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China's bank loans post record rise

NEW yuan-denominated loans in China rose by a record 1.62 trillion yuan (US$237 billion) in January, and the money supply expanded by the fastest pace in more than a year, pushed by the state's economic stimulus efforts, the central bank said yesterday.

The outstanding value of yuan loans rose 21.3 percent year on year to 31.9 trillion yuan at the end of January, the People's Bank of China said yesterday. M2, the broadest measure of money supply, climbed 18.8 percent from a year earlier.

In comparison, banks wrote 772 billion yuan worth of loans in December, while M2, which includes cash and all deposits, gained 17.8 percent.

The loan growth came as Chinese banks followed the government's call to support the economy by granting more credit. The central government also announced a 4-trillion-yuan spending package in November under its comprehensive effort to spur flagging economic growth.

"On the monetary front, 2009 kicked off on a positive note for China, with M2 growth comfortably above the government's target of 17 percent for the year," Sherman Chan, a Moody's economist, said in a note yesterday. "The surge in loans was stunning, as new credit was equivalent to 40 percent of the value of the fiscal stimulus plan."

Su Ning, the vice government of the central bank, said last week that China may be "the first to recover" from global recession, pointing to the strong credit growth and other positive economic indicators.

The People's Bank of China has cut interest rates five times since September as the fallout from the global economic downturn hit home. The central bank also trimmed banks' reserve requirements four times and scrapped the lending quota to promote liquidity.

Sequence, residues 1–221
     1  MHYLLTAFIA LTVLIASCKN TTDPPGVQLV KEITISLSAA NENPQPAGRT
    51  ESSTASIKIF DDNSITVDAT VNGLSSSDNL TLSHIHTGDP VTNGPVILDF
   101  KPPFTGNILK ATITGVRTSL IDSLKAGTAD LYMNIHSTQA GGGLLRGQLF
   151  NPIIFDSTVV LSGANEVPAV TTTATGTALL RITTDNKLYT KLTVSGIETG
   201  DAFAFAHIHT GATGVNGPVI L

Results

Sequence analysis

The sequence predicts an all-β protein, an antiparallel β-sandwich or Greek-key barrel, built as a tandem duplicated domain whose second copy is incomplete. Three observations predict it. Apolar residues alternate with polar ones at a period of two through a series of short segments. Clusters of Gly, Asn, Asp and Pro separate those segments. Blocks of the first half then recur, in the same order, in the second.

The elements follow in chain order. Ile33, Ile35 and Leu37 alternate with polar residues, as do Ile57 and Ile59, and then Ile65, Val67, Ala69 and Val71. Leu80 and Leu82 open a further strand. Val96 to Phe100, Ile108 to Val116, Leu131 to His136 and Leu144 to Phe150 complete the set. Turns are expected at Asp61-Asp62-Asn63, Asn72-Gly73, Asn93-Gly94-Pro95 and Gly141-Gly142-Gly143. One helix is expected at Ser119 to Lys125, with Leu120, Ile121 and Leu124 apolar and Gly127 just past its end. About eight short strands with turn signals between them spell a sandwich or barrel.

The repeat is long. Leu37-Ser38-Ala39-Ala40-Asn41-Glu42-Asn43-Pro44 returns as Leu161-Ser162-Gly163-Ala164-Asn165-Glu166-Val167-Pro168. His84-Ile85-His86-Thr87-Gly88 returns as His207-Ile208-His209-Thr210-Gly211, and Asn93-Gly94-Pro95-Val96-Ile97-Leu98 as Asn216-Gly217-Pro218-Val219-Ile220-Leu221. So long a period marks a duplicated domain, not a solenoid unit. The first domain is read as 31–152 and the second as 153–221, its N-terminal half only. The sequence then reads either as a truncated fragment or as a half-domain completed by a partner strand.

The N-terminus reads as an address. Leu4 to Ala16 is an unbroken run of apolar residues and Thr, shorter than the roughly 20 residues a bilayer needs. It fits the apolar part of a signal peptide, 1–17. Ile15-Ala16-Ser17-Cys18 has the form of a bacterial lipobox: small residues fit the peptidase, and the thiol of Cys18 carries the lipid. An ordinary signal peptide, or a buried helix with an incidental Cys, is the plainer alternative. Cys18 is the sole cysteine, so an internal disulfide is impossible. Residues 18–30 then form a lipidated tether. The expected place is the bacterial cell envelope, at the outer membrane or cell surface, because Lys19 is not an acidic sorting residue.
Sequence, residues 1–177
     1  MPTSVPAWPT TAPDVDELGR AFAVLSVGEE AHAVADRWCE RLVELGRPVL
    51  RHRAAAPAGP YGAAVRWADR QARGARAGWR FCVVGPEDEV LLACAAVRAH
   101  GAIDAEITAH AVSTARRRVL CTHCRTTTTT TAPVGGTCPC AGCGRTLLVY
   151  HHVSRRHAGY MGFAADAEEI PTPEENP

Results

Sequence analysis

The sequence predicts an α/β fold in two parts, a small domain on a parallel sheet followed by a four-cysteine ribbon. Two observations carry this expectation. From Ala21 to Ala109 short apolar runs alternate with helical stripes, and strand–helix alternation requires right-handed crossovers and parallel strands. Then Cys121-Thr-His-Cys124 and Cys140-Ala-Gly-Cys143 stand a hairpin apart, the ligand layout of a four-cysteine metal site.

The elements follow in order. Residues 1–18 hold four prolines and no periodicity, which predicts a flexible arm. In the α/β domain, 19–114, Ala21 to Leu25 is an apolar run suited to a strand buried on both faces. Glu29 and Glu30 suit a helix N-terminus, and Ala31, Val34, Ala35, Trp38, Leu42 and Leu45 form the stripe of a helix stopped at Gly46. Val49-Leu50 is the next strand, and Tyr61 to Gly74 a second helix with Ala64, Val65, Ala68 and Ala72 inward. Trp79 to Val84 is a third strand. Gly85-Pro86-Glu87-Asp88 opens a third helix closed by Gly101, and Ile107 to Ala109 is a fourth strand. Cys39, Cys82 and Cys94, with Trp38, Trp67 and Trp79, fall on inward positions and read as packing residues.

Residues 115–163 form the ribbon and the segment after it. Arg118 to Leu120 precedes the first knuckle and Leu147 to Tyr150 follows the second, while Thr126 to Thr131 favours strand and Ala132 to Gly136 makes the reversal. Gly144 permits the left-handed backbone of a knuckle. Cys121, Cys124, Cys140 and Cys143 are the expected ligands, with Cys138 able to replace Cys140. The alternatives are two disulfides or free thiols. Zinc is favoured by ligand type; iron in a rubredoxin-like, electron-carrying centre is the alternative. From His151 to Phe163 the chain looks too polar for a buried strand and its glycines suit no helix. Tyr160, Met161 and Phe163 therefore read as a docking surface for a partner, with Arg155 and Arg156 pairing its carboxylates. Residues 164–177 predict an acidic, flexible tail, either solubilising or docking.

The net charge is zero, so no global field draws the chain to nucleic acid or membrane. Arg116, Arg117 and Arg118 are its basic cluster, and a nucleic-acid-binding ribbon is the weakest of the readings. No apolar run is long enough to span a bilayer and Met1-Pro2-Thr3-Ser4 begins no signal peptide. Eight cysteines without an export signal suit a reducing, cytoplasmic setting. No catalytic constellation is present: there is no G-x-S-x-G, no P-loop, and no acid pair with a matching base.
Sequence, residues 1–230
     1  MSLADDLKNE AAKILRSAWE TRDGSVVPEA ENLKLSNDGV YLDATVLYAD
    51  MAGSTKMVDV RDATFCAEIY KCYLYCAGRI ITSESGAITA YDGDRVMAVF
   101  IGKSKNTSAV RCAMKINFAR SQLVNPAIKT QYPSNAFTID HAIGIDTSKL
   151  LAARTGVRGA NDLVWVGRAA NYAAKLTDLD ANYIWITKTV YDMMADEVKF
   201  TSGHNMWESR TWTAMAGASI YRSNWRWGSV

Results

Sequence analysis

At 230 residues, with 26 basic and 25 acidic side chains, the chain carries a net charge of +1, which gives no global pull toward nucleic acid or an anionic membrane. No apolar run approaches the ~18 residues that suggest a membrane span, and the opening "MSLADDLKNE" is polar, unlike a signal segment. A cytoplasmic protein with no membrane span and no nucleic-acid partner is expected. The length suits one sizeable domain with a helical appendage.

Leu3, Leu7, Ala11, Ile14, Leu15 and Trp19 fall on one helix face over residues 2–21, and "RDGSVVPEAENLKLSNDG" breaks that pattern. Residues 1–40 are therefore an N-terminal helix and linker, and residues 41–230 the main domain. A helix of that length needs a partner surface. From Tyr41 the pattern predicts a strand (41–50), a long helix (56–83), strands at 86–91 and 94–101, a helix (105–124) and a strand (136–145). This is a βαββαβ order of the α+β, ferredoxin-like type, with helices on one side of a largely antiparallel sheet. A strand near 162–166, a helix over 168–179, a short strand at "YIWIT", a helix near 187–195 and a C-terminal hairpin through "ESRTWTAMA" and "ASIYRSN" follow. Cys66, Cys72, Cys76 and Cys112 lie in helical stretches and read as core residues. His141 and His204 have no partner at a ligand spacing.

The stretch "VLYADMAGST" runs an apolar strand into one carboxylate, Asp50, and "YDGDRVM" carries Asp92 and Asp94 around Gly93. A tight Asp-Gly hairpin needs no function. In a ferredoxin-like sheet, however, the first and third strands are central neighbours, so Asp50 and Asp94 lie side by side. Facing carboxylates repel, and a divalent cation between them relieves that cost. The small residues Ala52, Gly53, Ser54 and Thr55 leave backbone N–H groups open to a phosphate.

But low-risk commercial-bill financing accounted for 39 percent of the new yuan lending in January, showing that banks are still somewhat reluctant to lend, said Lu Zhengwei, the Industrial Bank's chief economist.

Ken Peng, a Citibank economist, agreed that longer-time financing deals would do a better job of boosting the economy.

"The bill financing was the largest driver of credit growth and is not conducive to easing broad credit conditions or boosting demand," Peng said. Commercial bills are used by companies to cover short-term financing needs.

Economists also cautioned that banks may be exposed to higher risks if the rising loan value is coupled with declining loan quality.

"There are signs of risks for the years ahead, as bad debt may surge if loans are granted simply for the sake of boosting growth and the assessment process is lax," Chan said.

Meanwhile, there were new signs that any early optimism may be misplaced.

Both household and corporate deposits rose last month, indicating that individuals are still reluctant to consume while companies continue to cut back on investment under a grim business outlook.


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